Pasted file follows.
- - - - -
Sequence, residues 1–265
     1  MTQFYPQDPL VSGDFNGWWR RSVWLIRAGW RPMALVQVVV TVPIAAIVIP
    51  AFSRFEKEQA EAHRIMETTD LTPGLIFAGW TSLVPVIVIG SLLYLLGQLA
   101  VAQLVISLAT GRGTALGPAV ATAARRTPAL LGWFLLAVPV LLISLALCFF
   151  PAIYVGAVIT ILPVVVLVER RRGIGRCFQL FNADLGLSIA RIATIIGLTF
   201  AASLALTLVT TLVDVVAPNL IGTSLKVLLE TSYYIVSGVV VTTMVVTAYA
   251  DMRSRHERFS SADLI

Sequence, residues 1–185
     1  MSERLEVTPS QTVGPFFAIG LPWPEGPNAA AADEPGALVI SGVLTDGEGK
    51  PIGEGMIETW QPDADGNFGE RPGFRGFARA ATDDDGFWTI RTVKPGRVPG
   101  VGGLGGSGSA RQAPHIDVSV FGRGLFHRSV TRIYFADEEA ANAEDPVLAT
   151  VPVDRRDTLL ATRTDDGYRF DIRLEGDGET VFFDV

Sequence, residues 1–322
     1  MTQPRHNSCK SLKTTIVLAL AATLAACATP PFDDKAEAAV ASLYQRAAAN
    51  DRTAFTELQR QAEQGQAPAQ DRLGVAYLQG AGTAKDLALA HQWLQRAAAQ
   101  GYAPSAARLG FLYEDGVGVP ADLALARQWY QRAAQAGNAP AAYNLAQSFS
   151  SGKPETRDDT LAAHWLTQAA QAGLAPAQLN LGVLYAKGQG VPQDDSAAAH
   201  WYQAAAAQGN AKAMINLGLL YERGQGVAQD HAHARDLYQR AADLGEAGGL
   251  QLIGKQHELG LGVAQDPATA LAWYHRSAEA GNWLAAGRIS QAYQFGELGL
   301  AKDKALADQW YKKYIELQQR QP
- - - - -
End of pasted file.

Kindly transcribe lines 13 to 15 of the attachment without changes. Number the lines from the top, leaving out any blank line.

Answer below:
Sequence, residues 1–322
     1  MTQPRHNSCK SLKTTIVLAL AATLAACATP PFDDKAEAAV ASLYQRAAAN
    51  DRTAFTELQR QAEQGQAPAQ DRLGVAYLQG AGTAKDLALA HQWLQRAAAQ